Indiana University Press, 2016
Michael P. Kihntopf, Reviewer

Firsthand information about the Great War’s Eastern Front from a Russian perspective has always been at a premium primarily because of the illiteracy of the vast majority of the tsar’s soldiers. For years, researchers had only the writings of the various commanding officers such as Brusilov, Gurko, or Denikin to gain a picture of the hardships that existed from Riga to the Romanian border, but these works were a bit tainted by the sour grapes of defeat and revolution. Maria Bochkaryova, commander of the famous Women’s Battalion of Death, held one of the few front fighter’s views of the war, but it was still liberally salted with images that were too heroic. In this work we have something unique: excerpts from a diary of a Russian civilian engaged in dealing with the problems of civilians in the zones of war and occupation in 1915 Galicia when tsarist battalions were ascendant to Austro-Hungarian forces. Before I can continue the review, there are a few facts that I have to make clear in order to give the reader a better understanding of the demeanor of the times as well as stimulate curiosity for the overall story. I strongly recommend a little research along the areas briefly covered below. The translator provides copious notes explaining who people are and defines certain events as they relate to the text, but you can get lost without a little knowledge in brief.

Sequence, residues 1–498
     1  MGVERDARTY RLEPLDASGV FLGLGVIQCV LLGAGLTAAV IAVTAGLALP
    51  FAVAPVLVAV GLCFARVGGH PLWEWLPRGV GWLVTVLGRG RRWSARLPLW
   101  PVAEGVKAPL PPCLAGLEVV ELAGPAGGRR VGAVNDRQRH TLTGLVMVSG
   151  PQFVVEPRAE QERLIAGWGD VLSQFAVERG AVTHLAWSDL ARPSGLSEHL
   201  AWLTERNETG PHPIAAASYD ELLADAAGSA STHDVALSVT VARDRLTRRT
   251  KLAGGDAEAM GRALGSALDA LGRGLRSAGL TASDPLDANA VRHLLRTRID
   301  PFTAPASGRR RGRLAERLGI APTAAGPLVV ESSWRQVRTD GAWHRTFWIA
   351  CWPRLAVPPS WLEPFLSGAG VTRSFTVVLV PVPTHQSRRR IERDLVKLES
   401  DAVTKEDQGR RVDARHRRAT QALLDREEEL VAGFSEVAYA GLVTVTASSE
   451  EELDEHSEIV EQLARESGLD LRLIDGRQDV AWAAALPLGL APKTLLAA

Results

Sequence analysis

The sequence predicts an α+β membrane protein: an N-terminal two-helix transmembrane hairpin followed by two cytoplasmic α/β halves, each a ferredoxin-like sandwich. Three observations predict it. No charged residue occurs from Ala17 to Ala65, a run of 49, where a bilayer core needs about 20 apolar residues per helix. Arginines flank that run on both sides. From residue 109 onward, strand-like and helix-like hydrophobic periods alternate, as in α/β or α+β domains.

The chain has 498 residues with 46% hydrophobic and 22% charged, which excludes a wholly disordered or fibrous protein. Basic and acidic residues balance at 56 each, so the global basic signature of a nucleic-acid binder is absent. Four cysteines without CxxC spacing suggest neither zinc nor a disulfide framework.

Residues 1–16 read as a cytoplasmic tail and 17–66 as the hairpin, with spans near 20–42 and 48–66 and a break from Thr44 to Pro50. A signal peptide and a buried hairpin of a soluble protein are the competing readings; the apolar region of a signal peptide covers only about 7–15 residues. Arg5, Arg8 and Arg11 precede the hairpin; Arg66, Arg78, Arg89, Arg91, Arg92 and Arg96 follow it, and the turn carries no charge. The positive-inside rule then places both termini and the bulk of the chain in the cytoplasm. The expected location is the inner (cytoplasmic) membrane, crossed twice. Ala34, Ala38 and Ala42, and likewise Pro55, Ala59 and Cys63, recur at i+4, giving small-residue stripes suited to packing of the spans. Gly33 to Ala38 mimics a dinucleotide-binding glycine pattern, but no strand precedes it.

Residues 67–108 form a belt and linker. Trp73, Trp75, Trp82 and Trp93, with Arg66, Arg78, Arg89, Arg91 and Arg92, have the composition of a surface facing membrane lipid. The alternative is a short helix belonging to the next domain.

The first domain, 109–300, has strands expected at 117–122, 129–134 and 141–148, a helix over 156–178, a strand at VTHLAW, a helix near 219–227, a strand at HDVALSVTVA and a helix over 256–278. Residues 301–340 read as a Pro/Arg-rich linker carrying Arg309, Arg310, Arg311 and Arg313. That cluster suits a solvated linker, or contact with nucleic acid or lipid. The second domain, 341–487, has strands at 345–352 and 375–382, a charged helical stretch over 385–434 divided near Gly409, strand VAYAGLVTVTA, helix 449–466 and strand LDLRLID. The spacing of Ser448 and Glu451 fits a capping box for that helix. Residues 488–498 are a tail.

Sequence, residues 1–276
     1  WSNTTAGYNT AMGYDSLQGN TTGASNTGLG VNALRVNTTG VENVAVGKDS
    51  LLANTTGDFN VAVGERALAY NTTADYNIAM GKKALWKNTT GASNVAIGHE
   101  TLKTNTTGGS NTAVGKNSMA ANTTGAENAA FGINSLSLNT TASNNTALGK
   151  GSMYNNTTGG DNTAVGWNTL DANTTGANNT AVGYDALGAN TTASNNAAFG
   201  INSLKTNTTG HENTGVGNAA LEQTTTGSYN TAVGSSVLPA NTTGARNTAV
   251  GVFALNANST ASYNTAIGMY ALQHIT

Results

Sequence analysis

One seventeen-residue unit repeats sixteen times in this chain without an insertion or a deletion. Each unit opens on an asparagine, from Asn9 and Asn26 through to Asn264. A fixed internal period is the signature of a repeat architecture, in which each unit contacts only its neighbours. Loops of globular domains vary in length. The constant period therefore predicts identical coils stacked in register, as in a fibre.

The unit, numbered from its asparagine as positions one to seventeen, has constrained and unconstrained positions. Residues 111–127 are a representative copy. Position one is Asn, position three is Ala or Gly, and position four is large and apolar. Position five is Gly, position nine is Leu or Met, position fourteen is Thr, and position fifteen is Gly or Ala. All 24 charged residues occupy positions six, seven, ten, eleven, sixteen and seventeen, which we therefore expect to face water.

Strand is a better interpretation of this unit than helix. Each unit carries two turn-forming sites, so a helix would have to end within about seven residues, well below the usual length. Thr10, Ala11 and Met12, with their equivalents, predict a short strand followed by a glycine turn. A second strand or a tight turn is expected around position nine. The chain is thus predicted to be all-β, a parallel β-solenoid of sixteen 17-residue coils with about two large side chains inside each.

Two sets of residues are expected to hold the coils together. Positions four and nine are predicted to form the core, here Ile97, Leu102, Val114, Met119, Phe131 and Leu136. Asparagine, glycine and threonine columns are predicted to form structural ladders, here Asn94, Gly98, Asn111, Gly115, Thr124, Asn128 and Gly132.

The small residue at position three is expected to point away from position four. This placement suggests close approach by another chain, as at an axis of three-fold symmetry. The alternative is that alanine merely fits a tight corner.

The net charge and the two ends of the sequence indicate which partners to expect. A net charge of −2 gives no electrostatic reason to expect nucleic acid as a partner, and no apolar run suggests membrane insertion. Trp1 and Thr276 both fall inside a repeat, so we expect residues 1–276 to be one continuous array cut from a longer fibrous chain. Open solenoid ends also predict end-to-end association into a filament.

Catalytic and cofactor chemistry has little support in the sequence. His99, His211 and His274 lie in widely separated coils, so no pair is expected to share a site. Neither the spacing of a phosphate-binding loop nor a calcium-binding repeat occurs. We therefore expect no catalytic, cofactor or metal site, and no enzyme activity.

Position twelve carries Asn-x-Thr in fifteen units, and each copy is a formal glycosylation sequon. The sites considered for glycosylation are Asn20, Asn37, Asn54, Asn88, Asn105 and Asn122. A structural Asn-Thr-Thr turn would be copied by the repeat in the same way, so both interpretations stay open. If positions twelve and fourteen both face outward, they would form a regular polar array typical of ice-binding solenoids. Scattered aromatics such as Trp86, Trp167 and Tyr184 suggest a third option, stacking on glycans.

S. An-sky (Third from Left) with a Group of Fellow
Jewish-Russian Intellectuals

First of all, there is the author: S. An-sky is a penname for Shloyme Zanvil Rapoport, a Jewish writer, ethnographer, and revolutionary who was born near Vilna in Lithuania in 1863. He was one of the few Jews afforded an education in tsarist Russia. He was exiled from Russia around 1899, during which time he traveled to Paris and Switzerland. In 1901 he was instrumental in establishing the Russian Social Revolutionary Party, or SR. In 1905, back in Russia, he began a lifelong project of recording and preserving Russian Jewish culture. He made numerous trips to the Jewish Pale in which he talked with residents about their lives and traditions. He was a proponent of establishing Yiddish as an official language, and at a later date, he tried to gather support among the Russian Jewish leaders for the Jewish League which was formed under British auspices to fight for the Allies in Palestine. He was exiled from Bolshevik Russia after the SR uprising in 1919.